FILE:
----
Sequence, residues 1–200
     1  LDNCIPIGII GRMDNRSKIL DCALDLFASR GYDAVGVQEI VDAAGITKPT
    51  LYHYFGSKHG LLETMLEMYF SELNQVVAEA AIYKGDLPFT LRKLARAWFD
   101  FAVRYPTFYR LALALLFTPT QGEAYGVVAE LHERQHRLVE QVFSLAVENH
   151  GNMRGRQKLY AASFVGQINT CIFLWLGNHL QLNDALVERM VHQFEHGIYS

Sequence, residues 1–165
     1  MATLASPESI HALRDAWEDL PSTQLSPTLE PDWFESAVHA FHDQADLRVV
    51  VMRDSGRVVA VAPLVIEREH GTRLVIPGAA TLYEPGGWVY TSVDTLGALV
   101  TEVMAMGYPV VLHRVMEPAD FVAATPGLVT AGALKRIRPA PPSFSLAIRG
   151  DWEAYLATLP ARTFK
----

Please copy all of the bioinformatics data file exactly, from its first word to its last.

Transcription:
Sequence, residues 1–200
     1  LDNCIPIGII GRMDNRSKIL DCALDLFASR GYDAVGVQEI VDAAGITKPT
    51  LYHYFGSKHG LLETMLEMYF SELNQVVAEA AIYKGDLPFT LRKLARAWFD
   101  FAVRYPTFYR LALALLFTPT QGEAYGVVAE LHERQHRLVE QVFSLAVENH
   151  GNMRGRQKLY AASFVGQINT CIFLWLGNHL QLNDALVERM VHQFEHGIYS

Sequence, residues 1–165
     1  MATLASPESI HALRDAWEDL PSTQLSPTLE PDWFESAVHA FHDQADLRVV
    51  VMRDSGRVVA VAPLVIEREH GTRLVIPGAA TLYEPGGWVY TSVDTLGALV
   101  TEVMAMGYPV VLHRVMEPAD FVAATPGLVT AGALKRIRPA PPSFSLAIRG
   151  DWEAYLATLP ARTFK